Quarterly Statement, p. 86; de Haas, History, p. 338 -
"The land in Palestine is lacking in people to till its fertile soil".
- British archaeologist Thomas Shaw, mid-1700s -
"Palestine is a ruined and desolate land".
- Count Constantine François Volney, XVIII century French author and historian -
"The Arabs themselves cannot be considered but temporary residents. They pitched their tents in its grazing fields or built their places of refuge in its ruined cities. They created nothing in it. Since they were strangers to the land, they never became its masters. The desert wind that brought them hither could one day carry them away without their leaving behind them any sign of their passage through it".
- Comments by Christians concerning the Arabs in Palestine in the 1800s -
"Then we entered the hill district, and our path lay through the clattering bed of an ancient stream, whose brawling waters have rolled away into the past, along with the fierce and turbulent race who once inhabited these savage hills. There may have been cultivation here two thousand years ago. The mountains, or huge stony mounds environing this rough path, have level ridges all the way up to their summits; on these parallel ledges there is still some verdure and soil: when water flowed here, and the country was thronged with that extraordinary population, which, according to the Sacred Histories, was crowded into the region, these mountain steps may have been gardens and vineyards, such as we see now thriving along the hills of the Rhine. Now the district is quite deserted, and you ride among what seem to be so many petrified waterfalls. We saw no animals moving among the stony brakes; scarcely even a dozen little birds in the whole course of the ride".
- William Thackeray in "From Jaffa To Jerusalem", 1844 -
"The country is in a considerable degree empty of inhabitants and therefore its greatest need is of a body of population".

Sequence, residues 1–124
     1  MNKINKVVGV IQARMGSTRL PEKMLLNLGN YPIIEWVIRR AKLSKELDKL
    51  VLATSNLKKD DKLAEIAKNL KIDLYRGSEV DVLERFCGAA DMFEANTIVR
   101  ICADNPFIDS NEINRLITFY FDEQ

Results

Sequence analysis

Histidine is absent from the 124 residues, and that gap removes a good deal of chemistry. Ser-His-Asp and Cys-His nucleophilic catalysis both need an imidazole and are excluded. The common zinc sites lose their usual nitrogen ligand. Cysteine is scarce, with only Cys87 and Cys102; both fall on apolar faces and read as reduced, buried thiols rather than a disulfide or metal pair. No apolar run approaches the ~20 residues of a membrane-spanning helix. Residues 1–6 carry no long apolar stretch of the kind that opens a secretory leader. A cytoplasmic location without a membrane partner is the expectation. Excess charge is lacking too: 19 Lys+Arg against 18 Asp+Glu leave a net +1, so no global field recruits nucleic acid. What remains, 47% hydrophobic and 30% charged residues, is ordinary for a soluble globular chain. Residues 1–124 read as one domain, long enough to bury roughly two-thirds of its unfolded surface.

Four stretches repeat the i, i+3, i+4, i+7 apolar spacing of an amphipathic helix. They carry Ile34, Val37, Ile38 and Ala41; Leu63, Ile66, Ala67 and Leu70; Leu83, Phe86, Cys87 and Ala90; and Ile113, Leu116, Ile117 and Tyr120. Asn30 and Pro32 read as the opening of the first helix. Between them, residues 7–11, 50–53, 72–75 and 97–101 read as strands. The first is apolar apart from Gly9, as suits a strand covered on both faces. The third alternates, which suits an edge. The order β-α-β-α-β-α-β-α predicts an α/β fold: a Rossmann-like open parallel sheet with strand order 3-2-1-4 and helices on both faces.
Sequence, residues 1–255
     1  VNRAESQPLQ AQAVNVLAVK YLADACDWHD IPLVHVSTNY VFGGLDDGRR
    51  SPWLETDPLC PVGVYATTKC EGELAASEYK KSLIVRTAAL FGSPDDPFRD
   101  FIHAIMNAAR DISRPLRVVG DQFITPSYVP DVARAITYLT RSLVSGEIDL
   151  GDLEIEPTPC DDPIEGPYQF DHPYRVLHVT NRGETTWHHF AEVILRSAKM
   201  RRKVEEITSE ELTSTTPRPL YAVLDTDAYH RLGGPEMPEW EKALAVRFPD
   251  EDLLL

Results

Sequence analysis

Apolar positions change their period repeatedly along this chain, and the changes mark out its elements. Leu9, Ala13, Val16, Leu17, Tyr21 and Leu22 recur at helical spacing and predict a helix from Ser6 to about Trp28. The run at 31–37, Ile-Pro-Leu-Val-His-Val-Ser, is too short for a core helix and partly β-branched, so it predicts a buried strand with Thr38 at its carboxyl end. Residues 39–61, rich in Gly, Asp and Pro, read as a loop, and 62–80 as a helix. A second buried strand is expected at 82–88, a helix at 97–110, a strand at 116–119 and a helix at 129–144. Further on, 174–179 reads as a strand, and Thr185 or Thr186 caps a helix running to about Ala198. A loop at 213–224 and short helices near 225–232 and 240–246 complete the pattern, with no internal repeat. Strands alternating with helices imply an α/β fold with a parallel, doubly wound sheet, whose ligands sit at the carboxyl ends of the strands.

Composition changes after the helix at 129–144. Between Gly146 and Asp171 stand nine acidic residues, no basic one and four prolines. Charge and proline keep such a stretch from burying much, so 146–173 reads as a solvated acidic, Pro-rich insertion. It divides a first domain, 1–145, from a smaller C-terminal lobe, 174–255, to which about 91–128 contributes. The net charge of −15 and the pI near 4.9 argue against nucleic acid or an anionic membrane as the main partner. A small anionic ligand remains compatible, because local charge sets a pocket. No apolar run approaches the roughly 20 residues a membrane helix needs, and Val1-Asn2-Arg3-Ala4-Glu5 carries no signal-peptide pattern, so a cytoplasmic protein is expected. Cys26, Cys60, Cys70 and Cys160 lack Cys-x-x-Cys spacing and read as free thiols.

- James Finn, British Consul in 1857 -
"The area was underpopulated and remained economically stagnant until the arrival of the first Zionist pioneers in the 1880's, who came to rebuild the Jewish land. The country had remained "The Holy Land" in the religious and historic consciousness of mankind, which associated it with the Bible and the history of the Jewish people. Jewish development of the country also attracted large numbers of other immigrants - both Jewish and Arab. The road leading from Gaza to the north was only a summer track suitable for transport by camels and carts... Houses were all of mud. No windows were anywhere to be seen... The plows used were of wood... The yields were very poor... The sanitary conditions in the village [Yabna] were horrible... Schools did not exist... The rate of infant mortality was very high... The western part, toward the sea, was almost a desert... The villages in this area were few and thinly populated. Many ruins of villages were scattered over the area, as owing to the prevalence of malaria, many villages were deserted by their inhabitants".
- The report of the British Royal Commission, 1913 -